Gay and Lesbian Humanist

Spring 1997

How to Defend Yourself in Court, by Michael Randle

reviewed by Christina Lamb

Given the inclination of most to cross their fingers hoping the inside of a court room is a sight they’ll avoid experiencing firsthand, this book may not initially appear an attractive choice of reading material. However, in the hands of Michael Randle, whose own court appearances obviously benefited from his charisma and wit, this How to... guide is equally valuable to general readers and those in need of its practical advice.

Randle stood trial at the Old Bailey in 1991 for his part in organising the escape from Wormwood Scrubs of George Blake, a prisoner serving a 42-year sentence for espionage. Believing Blake’s punishment to have been cruel and inhuman, Randle conducted his own defence to argue that his actions had been necessary. The jury found him not guilty, against the direction of the judge.

This book takes a determined libertarian stance, affirming our right not only to justice, but to challenge unjust laws and to retain our dignity and self respect. Advice is given through all possible stages of the procedure with clear explanations of what can be expected to happen and when. The question of whether conducting your own defence is likely to be the best course of action is examined with consideration of influencing factors, such as how and when previous convictions can be mentioned in court. A keen understanding of the many pitfalls is weighed up with the benefits, not least the preferable outlook in playing an active part in your fate, rather than laying the matter passively in the hands of indifferent professionals. There are tips about how to act in areas of procedure where something may not be expected, but doing so may help your case; and a five page glossary helps demystify legal gobbledegook. But the choice needn’t be all representation or nothing in going it alone. Randle advocates using as much free legal assistance in preparation and support as is possible.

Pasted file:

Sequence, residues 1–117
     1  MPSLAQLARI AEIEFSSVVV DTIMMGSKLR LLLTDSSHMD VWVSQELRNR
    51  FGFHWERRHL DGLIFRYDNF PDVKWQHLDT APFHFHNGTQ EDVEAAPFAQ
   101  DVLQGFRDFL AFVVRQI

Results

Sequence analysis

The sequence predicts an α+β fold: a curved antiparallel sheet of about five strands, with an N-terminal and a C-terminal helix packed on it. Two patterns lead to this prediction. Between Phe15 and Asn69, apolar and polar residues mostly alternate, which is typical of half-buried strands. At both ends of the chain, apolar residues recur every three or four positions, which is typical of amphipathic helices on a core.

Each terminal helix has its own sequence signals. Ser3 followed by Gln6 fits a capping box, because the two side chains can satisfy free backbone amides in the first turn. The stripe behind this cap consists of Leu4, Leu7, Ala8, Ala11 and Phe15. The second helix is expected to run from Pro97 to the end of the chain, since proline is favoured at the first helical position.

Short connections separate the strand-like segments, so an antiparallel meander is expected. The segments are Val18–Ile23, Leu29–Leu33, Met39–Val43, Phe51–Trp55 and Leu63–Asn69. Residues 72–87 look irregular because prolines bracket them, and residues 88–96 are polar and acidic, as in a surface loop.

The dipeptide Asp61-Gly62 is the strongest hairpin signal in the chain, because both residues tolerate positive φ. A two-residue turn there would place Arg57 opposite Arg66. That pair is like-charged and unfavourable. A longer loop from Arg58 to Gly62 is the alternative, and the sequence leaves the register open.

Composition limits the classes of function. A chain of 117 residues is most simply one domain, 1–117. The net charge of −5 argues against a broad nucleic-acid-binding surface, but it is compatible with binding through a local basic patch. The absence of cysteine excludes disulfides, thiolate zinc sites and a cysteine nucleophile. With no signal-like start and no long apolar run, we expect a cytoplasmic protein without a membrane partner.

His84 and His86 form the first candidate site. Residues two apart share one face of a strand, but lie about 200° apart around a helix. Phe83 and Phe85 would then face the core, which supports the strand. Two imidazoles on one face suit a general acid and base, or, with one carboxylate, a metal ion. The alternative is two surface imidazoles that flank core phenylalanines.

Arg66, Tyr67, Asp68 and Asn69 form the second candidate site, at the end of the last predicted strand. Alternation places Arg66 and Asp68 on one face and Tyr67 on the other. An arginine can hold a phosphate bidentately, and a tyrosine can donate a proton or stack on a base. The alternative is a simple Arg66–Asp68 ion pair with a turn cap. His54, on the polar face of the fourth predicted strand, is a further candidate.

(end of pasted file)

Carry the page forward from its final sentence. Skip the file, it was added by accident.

Many risks are evidently involved in achieving justice, with the dry inflexibility of the written laws requiring interpretation by individual characters and differing tempers, all of which may affect the outcome of cases. The clock can almost be heard ticking throughout the book as the race to gather maximum information proceeds. Randle’s research system employs the study of speechmaking, role play, familiarisation with court buildings, observing key figures in action as well as learning from case studies. Humour injected in appropriate places reminds us of the important emotional considerations involved, and the value of keeping our spirits up.

The advantages of being well informed and prepared are obvious, and in our censorious country it’s not only those who knowingly trespass on the grey areas of legality who should familiarise themselves with this subject. Whether you need a little help making sense of the extended appeals procedures in news reportage, or you’re about to find yourself in a Julia Somerville style appearance in the papers, read this insightful book carefully and keep it handy.

URI of this page :
Created : Sunday, 2000-01-09 / Last updated : Wednesday, 2007-12-12
Brett Humphreys :